(Belated) #SaturdaySwitch part 7 – yet another post about dish washing

So if you’ve been reading my blog from the start, you might have seen my earlier posts about dish washing: this one, the inaugural #SaturdaySwitch, where we switched from plastic washing up sponges to cotton scourers, and this one about limiting washing up to actualise the eco-benefits of using an efficient dishwasher (I thought this post was staggeringly dull, but it had some of the highest hits of all my blog posts – so you guys must be quite excited about dish washing, or really liked the photo of my favourite mug).

We’re up to PART 7 of Saturday Switch now, although I forgot to number two of them, and a couple have happened on a Sunday. The idea is that I’m NOT getting rid of all the plastic/non-eco stuff in my house at one fell swoop, spending loads of money but getting to be all smug and Instagrammish about my sustainable life, but I’m gradually making changes as and when I run out of things or get some random inspiration, or get sufficiently irritated by pointless plastic that I feel I have to do something.

Dishwasher tablets have been annoying me for a while. We used to buy the Aldi ones because they are super cheap, but they of course come wrapped in plastic, so I bought some Ecover ones recently which I sort of assumed would NOT come in plastic (clue in the ECO name maybe?), but alas, they are.

So I thought I would attempt some proper research before chucking more money away. As always, there are multiple issues to consider. Are you most bothered about chemical content? (not all chemicals are toxic, remember… water is a chemical compound…) Or animal testing? Or avoiding plastic packaging?

This is a useful article from 2017. In terms of chemicals, those pesky bureaucrats in the EU banned phosphates, which are harmful to aquatic life, from dishwasher detergents in 2017, so nothing that is sold to domestic customers contains them (although it seems that commercial detergents still can contain them – come on bureaucrats, get on it please!). Ecover comes out best of the well-known brands, but despite being a cruelty-free brand itself, a lot of ethically-concerned consumers are now boycotting it since its takeover by Johnson and Johnson, who are still a company which tests on animals.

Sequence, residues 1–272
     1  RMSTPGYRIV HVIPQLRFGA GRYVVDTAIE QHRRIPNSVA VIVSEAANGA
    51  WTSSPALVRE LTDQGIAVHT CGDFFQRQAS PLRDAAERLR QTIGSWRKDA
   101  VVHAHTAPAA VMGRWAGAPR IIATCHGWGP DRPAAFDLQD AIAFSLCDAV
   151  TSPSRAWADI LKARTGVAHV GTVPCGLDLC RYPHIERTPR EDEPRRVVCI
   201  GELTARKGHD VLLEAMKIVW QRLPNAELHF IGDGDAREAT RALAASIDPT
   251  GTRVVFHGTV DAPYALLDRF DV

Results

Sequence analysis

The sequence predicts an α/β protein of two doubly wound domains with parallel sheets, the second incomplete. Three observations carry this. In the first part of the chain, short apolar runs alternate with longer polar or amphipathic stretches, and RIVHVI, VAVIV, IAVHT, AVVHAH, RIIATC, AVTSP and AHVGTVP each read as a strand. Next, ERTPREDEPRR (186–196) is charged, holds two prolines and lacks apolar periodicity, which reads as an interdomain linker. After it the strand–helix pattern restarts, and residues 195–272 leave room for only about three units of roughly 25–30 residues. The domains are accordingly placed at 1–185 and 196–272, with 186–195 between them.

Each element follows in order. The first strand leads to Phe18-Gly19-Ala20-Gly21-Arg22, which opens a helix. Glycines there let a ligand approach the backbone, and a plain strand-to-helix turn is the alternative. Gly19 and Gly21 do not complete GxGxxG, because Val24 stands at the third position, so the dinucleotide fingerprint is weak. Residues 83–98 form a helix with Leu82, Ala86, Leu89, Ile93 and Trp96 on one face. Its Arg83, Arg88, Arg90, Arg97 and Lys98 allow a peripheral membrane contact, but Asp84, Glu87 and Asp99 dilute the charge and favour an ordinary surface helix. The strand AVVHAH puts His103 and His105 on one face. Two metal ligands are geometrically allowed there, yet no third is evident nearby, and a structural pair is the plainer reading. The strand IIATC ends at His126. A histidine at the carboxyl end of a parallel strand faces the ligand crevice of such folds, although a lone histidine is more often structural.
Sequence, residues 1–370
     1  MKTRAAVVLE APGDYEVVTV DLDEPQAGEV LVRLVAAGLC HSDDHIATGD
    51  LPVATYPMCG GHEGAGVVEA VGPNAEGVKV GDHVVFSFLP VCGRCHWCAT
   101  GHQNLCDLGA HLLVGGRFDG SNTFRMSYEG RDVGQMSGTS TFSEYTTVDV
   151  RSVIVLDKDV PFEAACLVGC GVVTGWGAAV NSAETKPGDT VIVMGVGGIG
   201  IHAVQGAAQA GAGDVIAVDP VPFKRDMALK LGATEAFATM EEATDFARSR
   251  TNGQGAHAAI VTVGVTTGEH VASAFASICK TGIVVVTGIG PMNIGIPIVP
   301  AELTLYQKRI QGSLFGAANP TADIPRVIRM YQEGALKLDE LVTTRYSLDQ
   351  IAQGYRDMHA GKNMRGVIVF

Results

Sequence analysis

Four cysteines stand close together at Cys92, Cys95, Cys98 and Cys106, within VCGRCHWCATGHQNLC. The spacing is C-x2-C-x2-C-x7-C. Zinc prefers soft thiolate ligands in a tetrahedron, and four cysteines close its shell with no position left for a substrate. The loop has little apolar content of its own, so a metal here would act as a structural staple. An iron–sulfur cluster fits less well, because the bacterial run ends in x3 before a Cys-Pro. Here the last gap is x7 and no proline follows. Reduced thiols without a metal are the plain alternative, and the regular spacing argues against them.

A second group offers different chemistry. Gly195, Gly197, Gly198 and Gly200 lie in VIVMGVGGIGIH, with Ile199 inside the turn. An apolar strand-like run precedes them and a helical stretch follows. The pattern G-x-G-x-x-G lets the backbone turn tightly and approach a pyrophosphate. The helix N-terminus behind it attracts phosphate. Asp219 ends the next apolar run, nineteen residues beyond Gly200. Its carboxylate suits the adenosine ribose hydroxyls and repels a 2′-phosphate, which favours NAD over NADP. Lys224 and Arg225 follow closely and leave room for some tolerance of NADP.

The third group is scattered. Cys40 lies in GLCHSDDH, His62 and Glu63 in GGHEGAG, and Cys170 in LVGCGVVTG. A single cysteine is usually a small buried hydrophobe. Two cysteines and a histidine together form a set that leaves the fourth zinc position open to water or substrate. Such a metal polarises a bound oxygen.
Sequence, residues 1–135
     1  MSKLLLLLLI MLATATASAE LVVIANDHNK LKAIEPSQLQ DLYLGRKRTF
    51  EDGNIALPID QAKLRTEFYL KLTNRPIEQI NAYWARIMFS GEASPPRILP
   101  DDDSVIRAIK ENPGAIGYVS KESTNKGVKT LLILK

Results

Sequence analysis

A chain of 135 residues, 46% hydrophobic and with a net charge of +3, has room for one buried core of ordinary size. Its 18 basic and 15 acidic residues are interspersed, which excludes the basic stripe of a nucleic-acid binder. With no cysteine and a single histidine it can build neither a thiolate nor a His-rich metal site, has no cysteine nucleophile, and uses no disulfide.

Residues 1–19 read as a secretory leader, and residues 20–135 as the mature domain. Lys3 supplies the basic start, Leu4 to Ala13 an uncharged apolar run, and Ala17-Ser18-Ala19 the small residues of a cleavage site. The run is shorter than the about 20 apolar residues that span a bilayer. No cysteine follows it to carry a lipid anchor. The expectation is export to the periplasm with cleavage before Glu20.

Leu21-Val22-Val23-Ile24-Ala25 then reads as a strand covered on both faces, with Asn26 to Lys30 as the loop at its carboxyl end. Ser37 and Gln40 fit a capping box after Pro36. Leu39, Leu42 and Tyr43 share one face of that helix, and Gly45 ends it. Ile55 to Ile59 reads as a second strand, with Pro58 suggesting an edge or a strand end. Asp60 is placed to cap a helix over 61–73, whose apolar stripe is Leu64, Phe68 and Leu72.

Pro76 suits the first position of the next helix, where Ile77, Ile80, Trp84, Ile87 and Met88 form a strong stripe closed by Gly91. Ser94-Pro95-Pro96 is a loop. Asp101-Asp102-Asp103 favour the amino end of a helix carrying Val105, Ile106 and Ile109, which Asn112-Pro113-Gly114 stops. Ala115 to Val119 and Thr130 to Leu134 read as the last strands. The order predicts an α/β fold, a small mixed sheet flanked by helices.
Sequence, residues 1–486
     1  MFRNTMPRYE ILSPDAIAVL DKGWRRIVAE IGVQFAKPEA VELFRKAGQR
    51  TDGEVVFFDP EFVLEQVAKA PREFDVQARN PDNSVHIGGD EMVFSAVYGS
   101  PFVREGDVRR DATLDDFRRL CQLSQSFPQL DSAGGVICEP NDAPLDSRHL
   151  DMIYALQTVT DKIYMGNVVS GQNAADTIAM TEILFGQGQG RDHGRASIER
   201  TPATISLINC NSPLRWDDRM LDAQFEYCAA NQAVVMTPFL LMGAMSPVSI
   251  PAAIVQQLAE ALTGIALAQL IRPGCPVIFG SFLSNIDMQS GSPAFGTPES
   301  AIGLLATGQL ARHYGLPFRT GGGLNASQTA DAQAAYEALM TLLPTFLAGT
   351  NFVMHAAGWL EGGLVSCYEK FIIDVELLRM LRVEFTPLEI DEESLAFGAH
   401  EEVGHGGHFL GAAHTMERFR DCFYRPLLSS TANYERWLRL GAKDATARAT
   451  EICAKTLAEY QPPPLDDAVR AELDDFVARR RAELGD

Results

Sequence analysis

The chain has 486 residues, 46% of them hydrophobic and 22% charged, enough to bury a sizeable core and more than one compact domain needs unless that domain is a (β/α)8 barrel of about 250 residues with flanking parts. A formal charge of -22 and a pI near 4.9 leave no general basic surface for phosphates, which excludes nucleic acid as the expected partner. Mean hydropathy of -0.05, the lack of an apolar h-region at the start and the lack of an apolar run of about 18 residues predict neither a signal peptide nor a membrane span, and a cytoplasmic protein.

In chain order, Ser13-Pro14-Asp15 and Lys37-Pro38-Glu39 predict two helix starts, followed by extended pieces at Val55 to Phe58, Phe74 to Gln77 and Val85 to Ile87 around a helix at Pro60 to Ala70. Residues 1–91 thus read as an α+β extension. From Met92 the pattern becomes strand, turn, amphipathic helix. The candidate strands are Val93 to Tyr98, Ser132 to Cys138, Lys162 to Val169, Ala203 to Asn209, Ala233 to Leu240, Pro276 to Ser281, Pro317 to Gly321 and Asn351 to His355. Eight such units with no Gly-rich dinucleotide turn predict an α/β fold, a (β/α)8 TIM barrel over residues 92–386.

I’ve seen a lot of talk about smol in eco Facebook groups recently, so I’ve been researching their offering in more detail. The premise is that they deliver packages of very small and concentrated laundry and dishwasher tablets through the post, which are “eco-friendly” and cruelty-free (Leaping Bunny approved). The packaging is 90% recycled plastic and apparently 100% continuously recyclable. I’m not convinced about this, as I keep reading that plastic degrades with each round of recycling and will always end up as something not recyclable, so is always therefore fundamentally destined for landfill, incineration or the ocean. However, I’m not a chemical engineer with a specialist knowledge of plastic, so I can’t be sure! Equally I’m not a chemical engineer who can decipher this. But I feel reasonably confident that it would be an improvement on Ecover and Aldi in terms of plastics and ethics, at the very least.

How about pricing? My rough maths makes Aldi 7p per dishwasher load, Smol 15p per load and Ecover is 24p per load. The other major contender is Ecoleaf, which I’ve been put off buying in shops as it’s so expensive, but it comes in at 15p per load if bought in bulk online.

Splosh is also an interesting offering – they do various other household stuff too (thoughts on this to come another time!), but the dishwasher tablet offering works out at 22p per wash with no plastic casing at all.

So this is actually quite a difficult decision to make.

Ecoleaf – have to buy in bulk in massive cardboard box (heavy for transportation purposes, hard to store, carbon footprint of the cardboard production and recycling is also a consideration), purports to be plant based but the ingredient list actually states that it’s less than 5% plant-based ingredients, and contains “sustainably sourced palm oil” – I sort of don’t believe this exists really, but more research needed as always.

Aldi and Ecover – too much plastic, plus dodgy Ecover ethics (also pending further research)

Smol – probably too much plastic? They say it’s recyclable kerbside but I don’t trust local authorities not to lie about where they’re sending recycling, so I’m trying to reduce our recycling as much as possible without increasing black bin waste. Smol also say you can send the plastic packaging back for reuse, but – FAFF.

Smol and Splosh both appear to be palm oil free, which is something I am trying to introduce into my decision-making too.

I can’t make much sense of the ingredients lists though – do I have any followers who actually understand what chemical names mean? What does “plant-based” really mean? Please do get in touch if you’re out there!

In the mean time, I’m going to order some Splosh tablets because they’re the most convincingly plastic-free in my eyes. And I will let you know how I get on!

None of these decisions are easy, are they? There is so much green-washing about, it feels easier to do nothing, but I do still believe that little by little we can make a difference.

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2 Comments

  1. Hello! Thanks for this post. We’ve found it a bit of a minefield too! We tried making our own powder with no success so we now use Savvy Green dishwasher powder – not perfect but has some things going for it. Bit distressed to see I can’t seem to get it on Amazon UK today (it’s from the USA and obviously don’t want to get it shipped from there!). Hoping it will come back in. We do use other Splosh products though – Handwash, washing-up liquid and fabric softener, and really enjoy them.

    Liked by 1 person

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